When Alzheimers is diagnosed early on, there is some hope to prolong the full-onset. Even though this…Read More

Giving Your Feet a Helping Hand: Foot Care

Posted March 16, 2015
Proper foot care is important

Giving your feet a hand:

You can help to prevent foot pain due to an increased risk of damage to nerves and blood vessels by following these simple foot care tips:

1. Wash your feet in warm water with mild soap every day, but don’t soak them. Dry them well.

2. Check your feet every day for cuts, sores, blisters, redness, calluses, or any other problem. Call your doctor if healing process doesn’t start after one day.

3. If your skin is dry, rub lotion on your feet after you wash and dry them. Do not put lotion between your toes.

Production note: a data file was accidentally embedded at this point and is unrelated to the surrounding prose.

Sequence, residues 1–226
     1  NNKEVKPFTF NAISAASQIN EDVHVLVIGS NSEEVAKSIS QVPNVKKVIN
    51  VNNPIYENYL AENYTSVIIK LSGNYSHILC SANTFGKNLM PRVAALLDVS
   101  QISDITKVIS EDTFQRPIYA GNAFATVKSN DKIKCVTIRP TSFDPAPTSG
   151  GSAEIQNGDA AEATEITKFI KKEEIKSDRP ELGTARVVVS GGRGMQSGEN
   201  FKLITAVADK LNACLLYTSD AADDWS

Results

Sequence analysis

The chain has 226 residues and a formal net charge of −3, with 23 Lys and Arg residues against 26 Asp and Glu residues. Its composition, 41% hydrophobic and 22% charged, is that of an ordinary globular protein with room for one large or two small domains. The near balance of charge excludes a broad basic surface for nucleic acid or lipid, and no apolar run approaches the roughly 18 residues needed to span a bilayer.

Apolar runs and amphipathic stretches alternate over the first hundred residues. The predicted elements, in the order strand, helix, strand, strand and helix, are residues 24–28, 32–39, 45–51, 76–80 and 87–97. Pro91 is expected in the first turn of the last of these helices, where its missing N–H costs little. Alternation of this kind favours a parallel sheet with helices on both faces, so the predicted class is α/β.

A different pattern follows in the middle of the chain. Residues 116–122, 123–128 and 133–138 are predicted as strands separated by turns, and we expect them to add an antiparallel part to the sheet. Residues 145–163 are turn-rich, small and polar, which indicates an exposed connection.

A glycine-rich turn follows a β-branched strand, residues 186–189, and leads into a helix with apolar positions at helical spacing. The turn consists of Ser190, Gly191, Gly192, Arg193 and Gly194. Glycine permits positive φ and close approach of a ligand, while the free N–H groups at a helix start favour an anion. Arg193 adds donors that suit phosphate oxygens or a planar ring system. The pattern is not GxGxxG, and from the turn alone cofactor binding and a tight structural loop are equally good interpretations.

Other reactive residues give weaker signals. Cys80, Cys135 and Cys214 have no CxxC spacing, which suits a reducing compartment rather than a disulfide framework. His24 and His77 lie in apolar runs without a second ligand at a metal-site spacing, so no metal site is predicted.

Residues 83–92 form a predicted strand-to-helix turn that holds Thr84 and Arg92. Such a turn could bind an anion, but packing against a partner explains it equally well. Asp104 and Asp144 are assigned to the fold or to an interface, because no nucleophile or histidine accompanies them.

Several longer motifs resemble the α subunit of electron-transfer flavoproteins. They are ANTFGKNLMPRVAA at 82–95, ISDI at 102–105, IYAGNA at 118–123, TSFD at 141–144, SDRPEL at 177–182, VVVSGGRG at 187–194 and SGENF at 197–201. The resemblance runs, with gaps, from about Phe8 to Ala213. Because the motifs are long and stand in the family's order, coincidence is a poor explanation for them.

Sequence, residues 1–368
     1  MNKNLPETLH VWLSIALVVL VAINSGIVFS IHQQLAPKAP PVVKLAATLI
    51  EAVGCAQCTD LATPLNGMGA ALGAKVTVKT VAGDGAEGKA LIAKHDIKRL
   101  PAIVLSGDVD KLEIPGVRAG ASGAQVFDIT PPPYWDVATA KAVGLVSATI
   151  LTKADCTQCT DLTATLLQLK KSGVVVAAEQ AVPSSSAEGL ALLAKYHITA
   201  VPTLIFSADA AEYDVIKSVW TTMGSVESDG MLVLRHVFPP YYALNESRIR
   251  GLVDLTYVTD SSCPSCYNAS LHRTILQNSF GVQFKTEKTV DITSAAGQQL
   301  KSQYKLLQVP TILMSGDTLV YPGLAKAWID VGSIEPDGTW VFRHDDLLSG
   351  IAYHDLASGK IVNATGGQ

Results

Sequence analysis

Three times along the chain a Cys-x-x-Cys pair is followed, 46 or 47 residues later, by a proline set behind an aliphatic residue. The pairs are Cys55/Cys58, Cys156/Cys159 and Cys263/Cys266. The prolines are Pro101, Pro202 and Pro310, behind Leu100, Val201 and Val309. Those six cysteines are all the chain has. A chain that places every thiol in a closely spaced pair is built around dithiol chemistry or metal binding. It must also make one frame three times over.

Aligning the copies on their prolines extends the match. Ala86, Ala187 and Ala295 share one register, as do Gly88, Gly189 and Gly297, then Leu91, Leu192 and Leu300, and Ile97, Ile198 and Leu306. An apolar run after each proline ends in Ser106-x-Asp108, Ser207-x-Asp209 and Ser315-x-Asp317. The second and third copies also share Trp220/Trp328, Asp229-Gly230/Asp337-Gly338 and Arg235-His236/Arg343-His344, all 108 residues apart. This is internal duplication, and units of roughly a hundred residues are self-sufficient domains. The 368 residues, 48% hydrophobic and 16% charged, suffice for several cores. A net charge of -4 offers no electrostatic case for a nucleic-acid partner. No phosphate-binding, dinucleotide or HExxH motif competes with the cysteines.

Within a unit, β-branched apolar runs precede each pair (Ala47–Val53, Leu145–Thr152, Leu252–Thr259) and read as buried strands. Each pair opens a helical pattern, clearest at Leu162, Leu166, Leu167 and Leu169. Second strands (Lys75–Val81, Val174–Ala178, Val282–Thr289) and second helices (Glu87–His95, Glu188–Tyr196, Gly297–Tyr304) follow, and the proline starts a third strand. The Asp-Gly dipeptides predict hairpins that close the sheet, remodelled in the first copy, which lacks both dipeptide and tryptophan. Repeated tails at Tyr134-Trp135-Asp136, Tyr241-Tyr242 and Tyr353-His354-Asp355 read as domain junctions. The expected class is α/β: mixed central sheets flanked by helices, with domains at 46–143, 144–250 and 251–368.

4. Gently file…Read More

Going The Extra Mile: Excellent Care Giving

Posted March 12, 2015
Caregiving

Providing Excellent Caregiving: Premier Caregiver Services

If someone is prepared to go the extra mile, they will do everything they can to help or to make something succeed. That person goes above and beyond their duty while exceeding expectations. The expression “going the extra mile” probably comes from the Bible, when Jesus declares in his Sermon on the Mount, “Whoever forces you to go one mile, go with him two.”

At Premier Caregiver Services we aim to provide our patients with the highest satisfaction and care giving that they deserve. Going the extra mile sets us apart from the…Read More